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France: U.N. should be ready for military option in Syria
This is an archived article that was published on sltrib.com in 2012, and information in the article may be outdated. It is provided only for personal research purposes and may not be reprinted.

Paris • France wants the U.N. Security Council to consider allowing military action in Syria if an international peace plan fails to stop the violence under Bashar Assad's regime, the French foreign minister said Wednesday.

Alain Juppe's comments signaled that Paris is increasingly lining up behind a U.S. position laid out by Secretary of State Hillary Rodham Clinton last week. But the prospect of the Security Council backing military action in Syria is remote because veto-wielding members Russia and China are unlikely to go along.

The Syrian government's crackdown on a popular uprising is estimated to have killed more than 9,000 people over the past 13 months.

The French foreign minister demanded that 300 U.N. observers authorized to go to Syria be deployed within 15 days and said France has all but set a May 5 deadline for Damascus to comply with special envoy Kofi Annan's peace plan.

"We think this mediation should be given a chance, on the condition that the deployment of the observer mission happens quickly," Juppe said after a meeting with Syrian dissidents at his ministry. The plan isn't dead, he said, but "it is severely compromised"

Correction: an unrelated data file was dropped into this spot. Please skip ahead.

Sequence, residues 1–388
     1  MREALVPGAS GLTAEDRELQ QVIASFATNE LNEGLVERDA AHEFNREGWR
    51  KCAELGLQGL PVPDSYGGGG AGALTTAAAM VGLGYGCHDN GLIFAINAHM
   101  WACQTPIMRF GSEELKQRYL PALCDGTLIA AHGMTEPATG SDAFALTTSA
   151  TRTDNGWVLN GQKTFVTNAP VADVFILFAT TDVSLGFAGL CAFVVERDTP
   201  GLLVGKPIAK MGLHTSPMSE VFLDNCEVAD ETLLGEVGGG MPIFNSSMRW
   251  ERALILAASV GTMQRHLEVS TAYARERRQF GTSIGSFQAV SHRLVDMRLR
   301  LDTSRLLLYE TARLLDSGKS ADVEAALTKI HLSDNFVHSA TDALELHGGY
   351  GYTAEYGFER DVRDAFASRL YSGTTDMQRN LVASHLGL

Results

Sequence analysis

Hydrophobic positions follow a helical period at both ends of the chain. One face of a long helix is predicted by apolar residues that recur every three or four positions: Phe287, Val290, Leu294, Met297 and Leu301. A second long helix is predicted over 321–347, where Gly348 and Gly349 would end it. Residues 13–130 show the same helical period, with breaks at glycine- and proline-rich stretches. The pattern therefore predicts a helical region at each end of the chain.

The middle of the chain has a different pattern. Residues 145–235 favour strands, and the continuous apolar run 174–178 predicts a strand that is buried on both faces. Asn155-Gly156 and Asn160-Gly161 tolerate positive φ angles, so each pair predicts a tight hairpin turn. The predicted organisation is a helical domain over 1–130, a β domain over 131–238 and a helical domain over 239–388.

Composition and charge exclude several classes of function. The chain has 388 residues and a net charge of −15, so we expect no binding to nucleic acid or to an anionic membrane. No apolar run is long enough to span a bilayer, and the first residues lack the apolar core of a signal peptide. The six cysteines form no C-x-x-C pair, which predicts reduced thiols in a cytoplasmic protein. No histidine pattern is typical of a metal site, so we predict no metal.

Annan's scheduled May 5 report on the state of a cease-fire called for under his six-point peace plan will be "a moment of truth: Either this mediation is working, or it isn't," Juppe said.

"We cannot allow ourselves to be defied by the current regime," he added, insisting that Assad's government has not held to the Annan plan.

Juppe said France has been discussing with other world powers the prospect of invoking Chapter 7 of the U.N. charter, which allows for action that could be militarily enforceable.

During Paris talks last week by key members of the so-called "Friends of Syria" group, Clinton also mentioned a Chapter 7 resolution despite concern that it would be vetoed by Russia and China. Russia, in particular, has largely defended its longtime ally Syria against the threat of U.N. sanctions.

Diplomacy • Paris has been discussing enforcement action with other nations.
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